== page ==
A friend saw Ron Howard‘s Frost/Nixon and “wouldn’t say it’s bad,” he said, “but I don’t think it’s great. Good performance from Frank Langella but otherwise, I was kinda bored.” Stop right there! It’s more or less the stage play, which I saw in New York and wasn’t the least bit bored by. Nobody was.
“As opposed to Gus Van Sant‘s Milk,” the friend continued, “which, according to someone trusted who saw it last week in L.A., is as phenomenal as the trailer.”
Hillary Clinton sidestepped a question this morning from Morning Joe‘s Mika Brzezinski about whether she thinks Sarah Palin could help solve the current financial crisis as vp or, God forbid, president. Did Clinton grim up and say to women voters what needs to be said about Palin once and for all? Of course not.
Clinton ran for cover and slithered away because she doesn’t want to alienate the under-educated Walmart Moms who voted for her during the Democratic primaries, and whose support she’ll need again if and when she runs for president in 2012. This is who and what Hillary Clinton is and always will be.
“I just heard a radio ad for Eagle Eye (Dreamworks, 9.26), the new Shia LaBeouf thriller. I think it’s safe to steer clear of any movie containing the line, ‘Somebody’s hacking into the power grid!'” — email received at 4:35 pm from HE reader Mark Smith.
An elaboration: “He’s an ordinary guy, thrust into chaos. They’re watching him all the time, cat-and-mouse games, he outsmarts them, shit blows up, gets the girl, fast cutting, plot holes, noise, etc.” I couldn’t care less if I were dead.
The Hollywood Reporter‘s Steven Zeitchik is reporting that producers Harvey Weinstein and Scott Rudin are strongly disagreeing about whether to release the Weinstein Co. war-crimes drama The Reader in 2008 or wait until ’09.
“Weinstein is pushing for a December release for the movie, which director Stephen Daldry is working on in post,” Zeitchik writes. “The romance set in postwar Germany and based on Bernhard Schlink‘s novel already has buzz from strong test screenings, though there are post elements left to be completed.”
“Rudin, however, has been lobbying hard for a 2009 release. The producer already has two Oscar candidates — Revolutionary Road, with Leonardo DiCaprio and Kate Winslet as a married couple in the 1950s, at Paramount Vantage, and the Broadway transfer Doubt, toplining Meryl Streep and Philip Seymour Hoffman, at Miramax — and a third would mean he is vying heavily against himself.”
To go by the book synopsis, The Reader is a German-guilt movie rooted in World War II. Due respect and no offense, but it sounds like a movie that could have been released in 1979 or 1982 or 1989 or 1996. It costars Ralph Fiennes, Kate Winslet, Alexandra Maria Lara and Bruno Ganz.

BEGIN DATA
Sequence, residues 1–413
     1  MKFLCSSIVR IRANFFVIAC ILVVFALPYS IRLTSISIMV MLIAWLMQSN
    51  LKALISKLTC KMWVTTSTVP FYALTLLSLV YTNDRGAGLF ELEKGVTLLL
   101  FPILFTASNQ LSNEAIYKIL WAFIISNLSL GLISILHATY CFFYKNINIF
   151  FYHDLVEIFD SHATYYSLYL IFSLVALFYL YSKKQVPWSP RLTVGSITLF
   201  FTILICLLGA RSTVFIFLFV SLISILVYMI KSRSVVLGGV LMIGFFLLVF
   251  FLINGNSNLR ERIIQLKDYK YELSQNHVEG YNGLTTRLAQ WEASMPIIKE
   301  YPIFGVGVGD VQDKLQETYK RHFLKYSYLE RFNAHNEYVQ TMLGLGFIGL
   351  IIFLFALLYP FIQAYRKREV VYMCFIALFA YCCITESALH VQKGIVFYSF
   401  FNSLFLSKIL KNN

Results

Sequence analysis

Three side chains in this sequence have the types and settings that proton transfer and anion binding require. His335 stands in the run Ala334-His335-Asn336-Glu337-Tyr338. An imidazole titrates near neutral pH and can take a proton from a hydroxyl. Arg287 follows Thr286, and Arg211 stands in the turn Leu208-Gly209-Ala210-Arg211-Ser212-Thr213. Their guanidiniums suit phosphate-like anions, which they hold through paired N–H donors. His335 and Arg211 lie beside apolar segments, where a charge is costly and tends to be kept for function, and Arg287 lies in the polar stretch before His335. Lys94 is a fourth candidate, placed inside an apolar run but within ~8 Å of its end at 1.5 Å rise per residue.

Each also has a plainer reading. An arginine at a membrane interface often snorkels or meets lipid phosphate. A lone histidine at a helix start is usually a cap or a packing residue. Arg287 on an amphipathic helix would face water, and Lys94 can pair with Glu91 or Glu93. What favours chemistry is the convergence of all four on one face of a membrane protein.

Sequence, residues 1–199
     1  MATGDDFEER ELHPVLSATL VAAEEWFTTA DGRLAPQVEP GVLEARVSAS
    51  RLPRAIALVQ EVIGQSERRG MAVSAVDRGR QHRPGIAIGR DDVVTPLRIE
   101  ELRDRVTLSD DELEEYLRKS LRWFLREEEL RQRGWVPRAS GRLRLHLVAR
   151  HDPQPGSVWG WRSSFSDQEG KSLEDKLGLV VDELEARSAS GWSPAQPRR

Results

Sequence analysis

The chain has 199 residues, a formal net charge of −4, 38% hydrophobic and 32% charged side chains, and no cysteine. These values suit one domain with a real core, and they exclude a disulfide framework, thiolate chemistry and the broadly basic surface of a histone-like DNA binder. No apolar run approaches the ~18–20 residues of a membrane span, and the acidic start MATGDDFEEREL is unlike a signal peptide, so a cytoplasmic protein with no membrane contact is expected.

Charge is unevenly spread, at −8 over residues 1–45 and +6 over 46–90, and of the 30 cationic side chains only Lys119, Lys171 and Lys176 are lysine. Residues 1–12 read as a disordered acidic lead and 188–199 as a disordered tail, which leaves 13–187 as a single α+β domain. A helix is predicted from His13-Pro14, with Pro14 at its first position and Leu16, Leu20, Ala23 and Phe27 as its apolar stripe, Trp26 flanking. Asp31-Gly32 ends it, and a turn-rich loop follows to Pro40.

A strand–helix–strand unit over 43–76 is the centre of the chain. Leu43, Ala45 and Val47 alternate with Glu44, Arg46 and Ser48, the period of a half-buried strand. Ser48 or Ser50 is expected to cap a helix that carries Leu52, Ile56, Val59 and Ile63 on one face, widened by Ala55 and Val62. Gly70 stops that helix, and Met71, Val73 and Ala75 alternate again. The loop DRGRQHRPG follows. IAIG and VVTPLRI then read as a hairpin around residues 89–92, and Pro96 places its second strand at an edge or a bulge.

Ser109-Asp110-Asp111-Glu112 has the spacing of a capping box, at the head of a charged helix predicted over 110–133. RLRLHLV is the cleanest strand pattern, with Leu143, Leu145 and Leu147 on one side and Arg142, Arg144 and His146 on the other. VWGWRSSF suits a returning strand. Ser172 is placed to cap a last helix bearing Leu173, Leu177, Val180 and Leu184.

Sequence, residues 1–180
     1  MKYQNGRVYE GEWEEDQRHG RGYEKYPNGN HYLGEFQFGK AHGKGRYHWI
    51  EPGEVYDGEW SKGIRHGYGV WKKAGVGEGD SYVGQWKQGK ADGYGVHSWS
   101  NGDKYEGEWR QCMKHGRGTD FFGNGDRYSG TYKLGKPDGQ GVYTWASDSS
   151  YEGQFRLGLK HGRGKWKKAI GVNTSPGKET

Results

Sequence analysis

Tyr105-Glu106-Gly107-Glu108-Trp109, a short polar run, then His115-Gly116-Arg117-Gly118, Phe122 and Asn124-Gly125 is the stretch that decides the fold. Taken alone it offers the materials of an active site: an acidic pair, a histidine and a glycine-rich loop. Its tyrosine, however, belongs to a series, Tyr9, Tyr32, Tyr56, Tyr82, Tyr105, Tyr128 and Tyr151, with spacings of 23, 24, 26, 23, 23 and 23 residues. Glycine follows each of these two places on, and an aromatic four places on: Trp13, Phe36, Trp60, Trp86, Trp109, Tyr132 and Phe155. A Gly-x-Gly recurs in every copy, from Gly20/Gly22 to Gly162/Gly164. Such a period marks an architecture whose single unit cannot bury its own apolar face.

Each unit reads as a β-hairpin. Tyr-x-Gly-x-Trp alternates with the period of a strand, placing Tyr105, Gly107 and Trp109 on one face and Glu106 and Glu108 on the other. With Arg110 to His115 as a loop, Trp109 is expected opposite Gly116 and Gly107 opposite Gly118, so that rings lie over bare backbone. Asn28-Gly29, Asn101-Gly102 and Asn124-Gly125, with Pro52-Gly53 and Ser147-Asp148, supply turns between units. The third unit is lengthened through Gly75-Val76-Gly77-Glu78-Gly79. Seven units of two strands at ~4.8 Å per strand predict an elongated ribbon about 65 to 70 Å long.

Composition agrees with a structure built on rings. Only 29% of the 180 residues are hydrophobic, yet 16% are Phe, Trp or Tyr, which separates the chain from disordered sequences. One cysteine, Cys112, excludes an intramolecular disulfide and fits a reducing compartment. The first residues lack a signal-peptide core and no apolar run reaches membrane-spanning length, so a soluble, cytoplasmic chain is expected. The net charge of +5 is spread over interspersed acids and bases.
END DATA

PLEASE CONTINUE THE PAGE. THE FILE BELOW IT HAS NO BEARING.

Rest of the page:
Jamie Stuart‘s first in a series of four shorts on the 46th New York Film Festival is mainly about an attempted robbery. Of Stuart. In Stuart’s buuilding. By a thief who’s too good looking, too short and too mild-mannered to be a bad guy. It’s an okay way for Stuart to begin one of his looney-tunes shorts about the NY Film Festival. Except the violent sparring in the hallway doesn’t feel feel right. Too poised, not sloppy enough. And I didn’t believe the stairwell fall. The sound is wrong; you need to feel the pain.
The thief (l.) and Stuart (r.)
Oh, and the people who suggested a couple of days ago that the quickie razor-blade thing was a tribute to Un Chien Andalou? I don’t think so.
The rest of it is the usual impressionistic mind-melt press conference stuff that Stuart has given us in years past The two directors are The Class‘s Laurent Cantet and Wendy and Lucy‘s Kelly Reichardt. Why doesn’t Stuart ever talk to other journalists?
The Disney publicity guys, a strange and guarded bunch, had an all-media screening last week for Spike Lee‘s Miracle at St. Anna. Naturally they didn’t invite me. I missed it on purpose in Toronto (I was told that the 166-minute length was unjustified), and naturally assumed I’d catch up with it back here. Nope!
Disney always hedges its bets when they’ve got a problem movie of any kind, which Miracle clearly is. But it was also a struggle to persuade them to let me see WALL*E, and that was a near-masterpiece.
Honestly? It’s getting harder and harder to ignore the similarities between Disney publicity and the Church of Scientology
“Spike Lee loses the battles and the war in Miracle at St. Anna, a clunky, poorly constructed drama designed to spotlight the little-remarked role of black American soldiers in World War II,” wrote Variety‘s Todd McCarthy. “Clocking in at 160 minutes, this is a sloppy stew in which the ingredients of battle action, murder mystery, little-kid sentiment and history lesson don’t mix well.
“Nor is it remotely clear who the audience is meant to be; the R rating pretty much rules out younger students, and extensive subtitles will deter action fans, who would be bored anyway. Best B.O. will likely be in Italy, where most of the melodrama takes place.”
As soon as I saw that made-up-to-look-older black guy shoot that made-up-to-look-older white guy in the trailer, I said to myself, “That’s it…the movie is trouble.” I didn’t know a damn thing about it, but I knew. Trailers and ads do more to kill interest in movies than bad reviews. If there’s something wrong with a movie, the trailers will almost always tell you this.
The term “No Talk Express,” I mean. John McCain‘s handlers are obviously fearful that he may say something off-the-cuff that doesn’t add up (which he does a lot), hence a press policy that boils down to “no questions,” “no reporters” and “don’t speak unless you’re spoken to.” Relations between the McCain campaign and the press are said to be in fairly bad shape. Earlier today in Strongsville, Ohio, McCain ignored questions about the bailout plan, prompting one journalist to scream out, “Has your bus become the No-Talk Express?”
One of the things journalists learn sooner or later is that if celebrities use profanity or call you names to your face during an interview, it means they like or at least respect you. Or at least that they trust you enough to take their frank words like a grown-up and not get all emotional. I’ve been yelled at by dozens of Hollywood people over the years, and I still have relations with the vast majority. It’s the ones who never talk to you straight or let you know what’s really going on in their heads — they’re the ones you need to fear.